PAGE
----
The last phase of “Q” Course is Robin Sage. The exercise lasts roughly 10 days, and spans 15 acres in central North Carolina. Students infiltrate a fictional country called Pineland, and are tasked with helping freedom fighters liberate the country. To add realism to the exercise, auxiliary forces consisting of civilian volunteers throughout the state act as role-players. In addition, approximately 200 service members from units across the military provide realistic opposing forces and guerilla freedom fighters.
Training doesn’t stop with Robin Sage and graduation, however. The new Green Berets receive more training in survival and language skills. “I have a knack for language,” says Lourenco. Both of his parents emigrated from Portugal in the 1950s, so he was fluent in Portuguese. He can also speak German, and after spending some time in Haiti in 1995, became fluent in Creole. “If you speak Portuguese, you can pick up French, Spanish and even Italian,” he says.
Where the two worlds meet
After training, Lourenco went back to work at Yale-New Haven. He would be called periodically for training exercises or deployments, some lasting as long as six months. After Sept. 11, he was gone for almost a year and a half. “I was involved in counterterrorism activities,” he says. And though he can’t speak in specifics, he will go so far as to say, “It hasn’t been an accident that Al Qaeda hasn’t been able to effectively operate for years” outside certain areas. Toward the end of his Special Forces career, he was a team leader, doing a lot of work in close-quarter combat, akin to SWAT training.
Through it all, he had to juggle Special Forces with his civilian responsibilities of being a supply chain executive. “For instance, just before going to Haiti, we were implementing a just-in-time delivery system. It went live while I was gone. But I had written everything up, and I had good subordinates. Everything went fine.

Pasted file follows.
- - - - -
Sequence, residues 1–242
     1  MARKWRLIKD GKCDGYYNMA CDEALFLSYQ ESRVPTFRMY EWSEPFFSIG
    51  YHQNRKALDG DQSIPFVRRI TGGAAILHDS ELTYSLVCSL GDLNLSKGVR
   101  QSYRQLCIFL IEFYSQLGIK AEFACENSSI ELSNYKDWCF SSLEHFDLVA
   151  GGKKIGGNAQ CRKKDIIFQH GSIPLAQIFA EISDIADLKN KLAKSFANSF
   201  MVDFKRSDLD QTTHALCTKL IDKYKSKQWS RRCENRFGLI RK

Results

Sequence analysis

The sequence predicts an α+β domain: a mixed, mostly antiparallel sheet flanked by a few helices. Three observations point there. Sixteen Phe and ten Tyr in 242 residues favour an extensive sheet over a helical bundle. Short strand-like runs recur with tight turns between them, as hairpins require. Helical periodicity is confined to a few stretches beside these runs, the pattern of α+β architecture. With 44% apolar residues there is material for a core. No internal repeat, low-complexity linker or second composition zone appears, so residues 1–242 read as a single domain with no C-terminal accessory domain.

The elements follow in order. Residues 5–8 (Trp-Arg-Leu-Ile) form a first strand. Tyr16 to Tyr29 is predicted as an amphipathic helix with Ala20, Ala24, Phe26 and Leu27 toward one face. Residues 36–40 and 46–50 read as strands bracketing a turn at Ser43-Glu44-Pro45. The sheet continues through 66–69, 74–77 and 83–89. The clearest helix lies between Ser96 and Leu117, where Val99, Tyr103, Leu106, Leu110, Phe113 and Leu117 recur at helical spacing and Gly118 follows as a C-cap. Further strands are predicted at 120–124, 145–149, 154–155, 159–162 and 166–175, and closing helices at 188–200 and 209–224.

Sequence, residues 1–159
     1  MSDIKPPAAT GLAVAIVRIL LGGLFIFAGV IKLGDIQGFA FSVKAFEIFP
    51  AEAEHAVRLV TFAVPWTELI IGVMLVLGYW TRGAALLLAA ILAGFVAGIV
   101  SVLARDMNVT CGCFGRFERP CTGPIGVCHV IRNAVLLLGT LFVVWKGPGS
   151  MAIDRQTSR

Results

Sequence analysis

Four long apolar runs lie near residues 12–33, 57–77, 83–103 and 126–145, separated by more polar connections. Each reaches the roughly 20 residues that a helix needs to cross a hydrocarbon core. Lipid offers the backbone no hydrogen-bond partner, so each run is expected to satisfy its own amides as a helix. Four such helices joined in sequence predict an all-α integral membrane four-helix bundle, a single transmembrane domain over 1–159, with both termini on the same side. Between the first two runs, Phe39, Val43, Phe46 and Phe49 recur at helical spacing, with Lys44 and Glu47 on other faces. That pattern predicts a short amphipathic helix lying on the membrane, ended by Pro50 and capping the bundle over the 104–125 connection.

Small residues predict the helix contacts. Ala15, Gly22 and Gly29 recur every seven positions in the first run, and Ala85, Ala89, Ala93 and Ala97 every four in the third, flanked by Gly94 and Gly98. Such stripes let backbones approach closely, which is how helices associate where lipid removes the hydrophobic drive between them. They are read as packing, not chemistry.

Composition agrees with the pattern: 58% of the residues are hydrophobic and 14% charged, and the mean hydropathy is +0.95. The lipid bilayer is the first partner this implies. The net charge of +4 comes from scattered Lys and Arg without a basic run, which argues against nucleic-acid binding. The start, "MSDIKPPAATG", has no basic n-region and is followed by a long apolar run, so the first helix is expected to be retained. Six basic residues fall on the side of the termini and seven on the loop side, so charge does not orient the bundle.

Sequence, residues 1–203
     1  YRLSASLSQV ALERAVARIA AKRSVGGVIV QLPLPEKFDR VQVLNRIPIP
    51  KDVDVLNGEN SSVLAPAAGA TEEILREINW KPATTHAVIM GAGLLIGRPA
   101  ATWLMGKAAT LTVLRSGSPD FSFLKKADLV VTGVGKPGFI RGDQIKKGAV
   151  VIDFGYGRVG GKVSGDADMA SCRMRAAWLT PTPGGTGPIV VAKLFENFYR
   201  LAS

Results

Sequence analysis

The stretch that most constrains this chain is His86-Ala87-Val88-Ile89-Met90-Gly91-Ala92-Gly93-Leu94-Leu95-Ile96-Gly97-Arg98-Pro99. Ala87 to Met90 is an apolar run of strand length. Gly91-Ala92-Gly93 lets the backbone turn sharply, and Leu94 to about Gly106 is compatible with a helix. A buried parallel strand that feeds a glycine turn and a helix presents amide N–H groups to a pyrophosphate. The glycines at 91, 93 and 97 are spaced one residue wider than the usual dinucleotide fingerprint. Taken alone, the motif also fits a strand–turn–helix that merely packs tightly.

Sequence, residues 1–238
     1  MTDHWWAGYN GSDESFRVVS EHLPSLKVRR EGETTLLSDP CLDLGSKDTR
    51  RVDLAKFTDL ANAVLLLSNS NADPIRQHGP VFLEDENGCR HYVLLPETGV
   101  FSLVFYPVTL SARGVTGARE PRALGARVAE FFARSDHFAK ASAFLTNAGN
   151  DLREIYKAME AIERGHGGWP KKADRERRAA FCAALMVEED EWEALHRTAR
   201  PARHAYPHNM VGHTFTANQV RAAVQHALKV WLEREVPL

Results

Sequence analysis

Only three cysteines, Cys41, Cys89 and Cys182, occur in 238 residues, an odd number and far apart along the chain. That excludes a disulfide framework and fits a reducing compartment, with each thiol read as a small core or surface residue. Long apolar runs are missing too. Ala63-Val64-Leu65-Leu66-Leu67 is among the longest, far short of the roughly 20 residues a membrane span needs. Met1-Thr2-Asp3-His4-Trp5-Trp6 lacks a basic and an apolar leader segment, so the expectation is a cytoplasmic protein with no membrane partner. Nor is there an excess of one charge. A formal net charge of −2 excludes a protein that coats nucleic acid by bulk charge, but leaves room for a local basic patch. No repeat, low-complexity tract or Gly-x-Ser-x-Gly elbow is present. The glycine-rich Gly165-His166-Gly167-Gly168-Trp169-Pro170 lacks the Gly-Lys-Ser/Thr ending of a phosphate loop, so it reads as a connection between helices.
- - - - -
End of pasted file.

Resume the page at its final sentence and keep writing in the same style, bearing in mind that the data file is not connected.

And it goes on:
“You have a lot of leaders who micromanage or who don’t give up much authority,” he says. “But I focus on subordinate leader development. It’s Army leadership training.”
He is grateful to Yale-New Haven’s management team, without whose support he could not have served his country as he did. “The people I worked for felt, ‘This is something we can do for our country,’” he says. “If it hadn’t been for that environment, I wouldn’t have progressed as far as I did on the military or hospital side.”
And of course, he is grateful to his wife, Natalie, for making it all possible. “We had a little boy at the time, and I have to say, I probably missed half his life as he was growing up. But [Natalie] was self-reliant; she made things happen.”
Gratitude for his American dream
His Special Forces training has helped Lourenco keep his cool in situations where other contracting executives might lose theirs. And every day, he draws on his experience in planning missions. “Strategic planning is stuff you learn to do on every Army mission.”
Although training in close-quarter combat probably doesn’t translate to supply chain management, other skills do. “In Special Forces, you’re not living on a base. You’re living out in a village. Many times, you are the eyes and ears [for other forces]. Your ability to get the locals to trust you is critical. They will let you know if something is going to happen. A division of troops would never get that kind of information by kicking in doors.”
In 2003, at the age of 43, Lourenco decided to leave Special Forces and the military, drawn by the desire to be closer to his family and his work. “And I wanted to go out at the top of my game,” he adds. “I was holding up slots for some of the younger guys.
“I thought I would miss the Army, but basically, I haven’t looked back,” he says. He is enjoying his two kids – Miles and Dexter. He coaches hockey and he plays hockey himself. “I still keep in touch with my buddies. I’m very proud of what we did.
“My parents were not big military people,” he says. “But my dad came here with nothing; my mom too. Through hard work and ability, he made a life for himself; he was a landscaper. He paid to have all his brothers and sisters come over [to the United States]. He managed to make all that happen, and he put me in a position to do what I did. It is the ultimate American dream.
“I think everyone should do something for their community and country. That could mean being a teacher, whatever. For me, it was being in the military. I felt I owed it to my country, because of what the American dream meant for my parents.
“That was a large part of why I stayed in as long as I did. I do believe in that stuff.”